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DiVersions: an introduction

Elodie Mugrefya, Femke Snelting

DiVersions is inspired by the software-practice of ‘versioning’, as a way to experiment with online collections of cultural institutions. It approaches these collections as potential sites for decolonial and intersectional practice, that could and should allow for controversy, invite collaboration, and make space for other narratives.

DiVersions asks questions such as: How can different orders coexist in online collections? In what way do we make room for material and immaterial heritage of the future, for things that are felt to be beyond the scope of museums and archives, or for other things that are consciously being ignored? How can these digital environments allow us to open up a discussion on relations between categorisation, colonisation and heritage? How can online collections accommodate radically different, and sometimes opposing perspectives?

We organised the project around seven artistic experiments that evolved in response to specific e-collections such as WikiMedia, the Carmentis database from the Museum for Art and History and the website of Werkplaats immaterieel erfgoed. Using a variety of artistic strategies, the projects test out in practice how techniques and technologies of networked collaboration might generate other imaginations. The projects are collectively developed in dialogue with each other and in conversation with partner institutions. DiVersions unfolds in two subsequent public installations, first in De Pianofabriek in Brussels and later in De Krook in Ghent. Each of the two versions is accompanied by a version of a publication, a workshop and a public discussion.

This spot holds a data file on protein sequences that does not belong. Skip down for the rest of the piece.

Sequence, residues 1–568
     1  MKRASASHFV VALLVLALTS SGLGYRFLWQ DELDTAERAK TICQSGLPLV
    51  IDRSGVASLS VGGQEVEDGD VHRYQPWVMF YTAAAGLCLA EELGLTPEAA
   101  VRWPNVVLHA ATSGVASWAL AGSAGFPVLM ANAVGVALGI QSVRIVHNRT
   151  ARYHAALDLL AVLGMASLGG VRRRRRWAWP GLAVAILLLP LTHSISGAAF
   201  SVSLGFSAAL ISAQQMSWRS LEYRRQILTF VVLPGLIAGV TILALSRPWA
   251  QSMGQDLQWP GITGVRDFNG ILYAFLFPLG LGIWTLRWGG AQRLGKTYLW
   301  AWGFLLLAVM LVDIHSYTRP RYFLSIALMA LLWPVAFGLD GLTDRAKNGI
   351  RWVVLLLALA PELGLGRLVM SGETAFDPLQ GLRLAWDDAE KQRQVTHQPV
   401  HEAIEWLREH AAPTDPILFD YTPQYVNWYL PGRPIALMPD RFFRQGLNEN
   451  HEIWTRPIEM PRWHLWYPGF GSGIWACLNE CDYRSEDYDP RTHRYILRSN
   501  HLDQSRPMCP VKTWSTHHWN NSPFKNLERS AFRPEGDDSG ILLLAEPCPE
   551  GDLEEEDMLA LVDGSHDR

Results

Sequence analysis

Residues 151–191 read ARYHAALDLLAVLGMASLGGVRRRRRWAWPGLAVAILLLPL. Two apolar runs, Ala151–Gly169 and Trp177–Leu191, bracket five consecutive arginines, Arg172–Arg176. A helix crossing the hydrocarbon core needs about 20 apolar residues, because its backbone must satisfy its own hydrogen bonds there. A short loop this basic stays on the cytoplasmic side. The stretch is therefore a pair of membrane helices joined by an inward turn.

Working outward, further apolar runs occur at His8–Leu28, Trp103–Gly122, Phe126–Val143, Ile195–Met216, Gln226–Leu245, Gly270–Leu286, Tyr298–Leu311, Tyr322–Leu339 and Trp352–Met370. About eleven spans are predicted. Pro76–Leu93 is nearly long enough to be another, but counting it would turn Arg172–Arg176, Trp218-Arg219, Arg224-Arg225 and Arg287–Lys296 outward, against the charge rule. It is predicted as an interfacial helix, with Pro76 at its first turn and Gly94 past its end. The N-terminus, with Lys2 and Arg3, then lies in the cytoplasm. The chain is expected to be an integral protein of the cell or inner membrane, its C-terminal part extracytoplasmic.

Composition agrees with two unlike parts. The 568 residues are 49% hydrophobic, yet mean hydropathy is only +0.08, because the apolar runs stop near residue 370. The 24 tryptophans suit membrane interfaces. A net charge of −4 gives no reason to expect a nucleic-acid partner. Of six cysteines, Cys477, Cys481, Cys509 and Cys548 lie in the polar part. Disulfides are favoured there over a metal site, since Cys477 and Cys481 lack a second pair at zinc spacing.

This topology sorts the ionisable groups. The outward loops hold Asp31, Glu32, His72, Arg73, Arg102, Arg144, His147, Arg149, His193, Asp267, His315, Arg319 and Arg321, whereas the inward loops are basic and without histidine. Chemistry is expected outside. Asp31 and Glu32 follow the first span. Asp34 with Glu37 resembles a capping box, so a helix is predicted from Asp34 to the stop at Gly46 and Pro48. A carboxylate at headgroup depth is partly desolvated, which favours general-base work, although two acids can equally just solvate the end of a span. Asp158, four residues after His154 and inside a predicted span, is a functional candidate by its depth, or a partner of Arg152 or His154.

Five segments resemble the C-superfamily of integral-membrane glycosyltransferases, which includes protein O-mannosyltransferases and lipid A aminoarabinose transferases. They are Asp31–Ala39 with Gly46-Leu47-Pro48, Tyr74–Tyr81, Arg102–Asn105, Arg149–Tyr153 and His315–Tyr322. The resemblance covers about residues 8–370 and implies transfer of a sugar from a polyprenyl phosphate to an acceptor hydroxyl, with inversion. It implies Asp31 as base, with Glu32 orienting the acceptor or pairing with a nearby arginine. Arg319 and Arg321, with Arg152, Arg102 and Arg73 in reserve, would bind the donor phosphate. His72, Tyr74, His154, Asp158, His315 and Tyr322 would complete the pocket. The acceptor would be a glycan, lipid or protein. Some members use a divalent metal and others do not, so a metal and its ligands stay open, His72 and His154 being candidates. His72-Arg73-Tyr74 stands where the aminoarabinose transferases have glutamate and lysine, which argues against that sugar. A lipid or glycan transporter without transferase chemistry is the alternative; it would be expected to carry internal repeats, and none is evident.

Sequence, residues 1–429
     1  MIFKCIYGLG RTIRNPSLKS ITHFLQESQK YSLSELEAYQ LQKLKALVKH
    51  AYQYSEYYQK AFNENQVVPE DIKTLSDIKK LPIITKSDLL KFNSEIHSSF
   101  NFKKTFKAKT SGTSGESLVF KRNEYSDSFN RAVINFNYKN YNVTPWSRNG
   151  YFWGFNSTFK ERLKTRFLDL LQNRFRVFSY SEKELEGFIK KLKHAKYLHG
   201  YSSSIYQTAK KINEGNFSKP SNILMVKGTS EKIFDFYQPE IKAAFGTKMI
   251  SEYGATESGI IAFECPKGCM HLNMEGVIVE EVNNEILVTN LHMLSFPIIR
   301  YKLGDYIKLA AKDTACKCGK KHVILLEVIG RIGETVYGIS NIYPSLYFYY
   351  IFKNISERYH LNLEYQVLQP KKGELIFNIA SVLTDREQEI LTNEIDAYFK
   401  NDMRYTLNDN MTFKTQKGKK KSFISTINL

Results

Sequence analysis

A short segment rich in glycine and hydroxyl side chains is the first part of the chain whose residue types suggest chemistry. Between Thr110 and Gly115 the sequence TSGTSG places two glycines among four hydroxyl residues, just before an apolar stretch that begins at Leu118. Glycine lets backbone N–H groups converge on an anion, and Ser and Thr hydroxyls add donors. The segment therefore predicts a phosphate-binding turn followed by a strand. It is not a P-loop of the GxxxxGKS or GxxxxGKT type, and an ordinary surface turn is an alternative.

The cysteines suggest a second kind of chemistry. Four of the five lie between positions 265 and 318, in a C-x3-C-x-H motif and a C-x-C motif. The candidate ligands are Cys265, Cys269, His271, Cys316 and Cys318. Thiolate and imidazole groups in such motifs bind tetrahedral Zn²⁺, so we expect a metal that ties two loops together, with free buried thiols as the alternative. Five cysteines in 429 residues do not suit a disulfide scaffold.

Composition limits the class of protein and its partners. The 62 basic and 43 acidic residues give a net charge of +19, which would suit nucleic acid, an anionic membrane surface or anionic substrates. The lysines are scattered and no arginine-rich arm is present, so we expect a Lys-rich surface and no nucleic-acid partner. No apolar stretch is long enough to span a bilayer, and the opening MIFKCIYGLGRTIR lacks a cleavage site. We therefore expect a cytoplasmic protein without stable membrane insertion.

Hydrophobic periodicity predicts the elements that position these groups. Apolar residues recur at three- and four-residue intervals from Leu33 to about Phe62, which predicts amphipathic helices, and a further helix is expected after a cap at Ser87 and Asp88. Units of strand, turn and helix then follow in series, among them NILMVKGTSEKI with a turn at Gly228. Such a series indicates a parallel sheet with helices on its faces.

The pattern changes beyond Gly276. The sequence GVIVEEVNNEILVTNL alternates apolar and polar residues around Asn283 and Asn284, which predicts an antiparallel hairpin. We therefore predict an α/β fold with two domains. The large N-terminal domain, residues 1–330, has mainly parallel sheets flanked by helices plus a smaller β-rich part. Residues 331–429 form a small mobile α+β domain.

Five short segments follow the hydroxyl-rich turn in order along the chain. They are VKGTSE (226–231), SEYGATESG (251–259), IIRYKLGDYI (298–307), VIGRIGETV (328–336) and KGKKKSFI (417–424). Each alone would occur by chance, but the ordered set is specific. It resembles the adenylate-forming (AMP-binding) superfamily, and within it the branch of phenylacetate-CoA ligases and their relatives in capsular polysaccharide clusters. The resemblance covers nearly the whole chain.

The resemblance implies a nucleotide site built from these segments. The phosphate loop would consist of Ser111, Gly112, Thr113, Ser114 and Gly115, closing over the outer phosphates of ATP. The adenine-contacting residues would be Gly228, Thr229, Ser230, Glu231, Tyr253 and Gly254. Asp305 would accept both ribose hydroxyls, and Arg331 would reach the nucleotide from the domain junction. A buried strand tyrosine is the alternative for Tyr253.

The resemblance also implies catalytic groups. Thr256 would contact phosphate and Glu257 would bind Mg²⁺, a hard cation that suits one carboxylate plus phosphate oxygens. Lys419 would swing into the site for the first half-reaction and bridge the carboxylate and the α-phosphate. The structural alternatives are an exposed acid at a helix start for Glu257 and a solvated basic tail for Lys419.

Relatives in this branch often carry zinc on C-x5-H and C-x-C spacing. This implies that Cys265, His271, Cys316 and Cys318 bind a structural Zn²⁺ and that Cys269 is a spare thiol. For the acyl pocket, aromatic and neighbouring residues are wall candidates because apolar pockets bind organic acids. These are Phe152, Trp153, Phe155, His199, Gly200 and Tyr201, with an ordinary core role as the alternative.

With the neologism 'DiVersions' we wanted to allude to the possibility that technologies of 'versioning' might foreground divergent histories.[1] Version-control systems, Wikis, etherpads and other digital writing tools save log files and so-called ‘diffs’ routinely, potentially changing linear relations between original and copy, redefining questions of authorship and the archive. Meticulously logged workflows promise to make the process of shared editing transparent since any action can be reversed or repeated at any time; errors or unwanted inputs can be later corrected. Even if the conventional narrative of 'versioning' is one of streamlining collaboration and producing consensus, these techniques and technologies inherently pay attention to difference. In Dutch, this became 'di-versies' as a play on divergent or diverse versions. Translated to English and French, DiVersions also evokes 'diversity', a term that especially in institutional contexts started to circulate as a blanket term for covering up issues of inequality and oppression.[2]. It is for this reason that we decided to explicitly articulate the project as a decolonial and intersectional practice.